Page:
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Using Alsace-Moselle Local Laws to Build a Difference-in-Differences Estimation Strategy of the Employment Effects of the 35-Hour Workweek Regulation in France

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  • Matthieu Chemin

    (McGill Department of Economics)

  • Etienne Wasmer

    (Département d'économie (ECON))

Abstract

France's 1998 implementation of the 35-hour workweek has been one of the greatest regulatory shocks on labor markets. Few studies evaluate the impact of this regulation because of a lack of identification strategies. For historical reasons due to the way Alsace-Moselle was returned to France in 1918, the implementation of France's 35-hour workweek was less stringent in that region than in the rest of the country, which is confirmed by double and triple differences. Yet it shows no significant difference in employment with the rest of France, which casts doubt on the effectiveness of this regulation.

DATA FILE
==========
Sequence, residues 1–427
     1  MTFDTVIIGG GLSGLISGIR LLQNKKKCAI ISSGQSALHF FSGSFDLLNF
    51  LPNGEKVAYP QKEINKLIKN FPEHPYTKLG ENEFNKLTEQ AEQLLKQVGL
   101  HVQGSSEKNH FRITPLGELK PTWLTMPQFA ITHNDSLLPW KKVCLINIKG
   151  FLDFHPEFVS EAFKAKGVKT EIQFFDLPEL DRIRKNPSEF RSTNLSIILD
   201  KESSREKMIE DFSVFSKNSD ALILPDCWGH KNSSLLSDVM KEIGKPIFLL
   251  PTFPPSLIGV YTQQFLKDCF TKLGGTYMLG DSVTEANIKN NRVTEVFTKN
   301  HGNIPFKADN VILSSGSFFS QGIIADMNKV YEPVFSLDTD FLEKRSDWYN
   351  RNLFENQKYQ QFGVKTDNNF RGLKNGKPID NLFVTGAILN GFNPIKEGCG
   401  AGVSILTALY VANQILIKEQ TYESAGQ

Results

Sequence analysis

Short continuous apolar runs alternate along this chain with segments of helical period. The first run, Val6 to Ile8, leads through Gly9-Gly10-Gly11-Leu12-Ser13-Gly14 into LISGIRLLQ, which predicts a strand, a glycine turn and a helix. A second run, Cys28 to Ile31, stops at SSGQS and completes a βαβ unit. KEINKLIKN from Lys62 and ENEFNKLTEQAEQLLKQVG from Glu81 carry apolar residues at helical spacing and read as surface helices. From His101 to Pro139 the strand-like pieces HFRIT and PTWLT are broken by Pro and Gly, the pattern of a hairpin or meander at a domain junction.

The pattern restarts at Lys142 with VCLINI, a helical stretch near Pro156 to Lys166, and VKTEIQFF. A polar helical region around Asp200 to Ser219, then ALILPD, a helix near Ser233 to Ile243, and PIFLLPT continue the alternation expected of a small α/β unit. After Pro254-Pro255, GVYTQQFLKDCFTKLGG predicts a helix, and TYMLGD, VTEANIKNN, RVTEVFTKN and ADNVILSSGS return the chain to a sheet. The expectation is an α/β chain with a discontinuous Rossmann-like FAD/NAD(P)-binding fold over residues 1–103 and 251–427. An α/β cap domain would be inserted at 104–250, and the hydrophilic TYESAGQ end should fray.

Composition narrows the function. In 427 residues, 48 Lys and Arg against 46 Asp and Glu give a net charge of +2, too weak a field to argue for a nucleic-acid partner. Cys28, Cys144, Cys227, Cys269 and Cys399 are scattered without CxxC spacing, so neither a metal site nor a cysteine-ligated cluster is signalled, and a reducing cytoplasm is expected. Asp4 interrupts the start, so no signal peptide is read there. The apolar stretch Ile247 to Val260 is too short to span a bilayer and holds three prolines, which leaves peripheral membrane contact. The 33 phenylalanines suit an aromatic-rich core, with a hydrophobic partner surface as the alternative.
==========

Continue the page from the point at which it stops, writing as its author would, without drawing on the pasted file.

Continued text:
Suggested Citation

  • Matthieu Chemin & Etienne Wasmer, 2009. "Using Alsace-Moselle Local Laws to Build a Difference-in-Differences Estimation Strategy of the Employment Effects of the 35-Hour Workweek Regulation in France," Sciences Po publications info:hdl:2441/10198, Sciences Po.
  • Handle: RePEc:spo:wpmain:info:hdl:2441/10198
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    References listed on IDEAS

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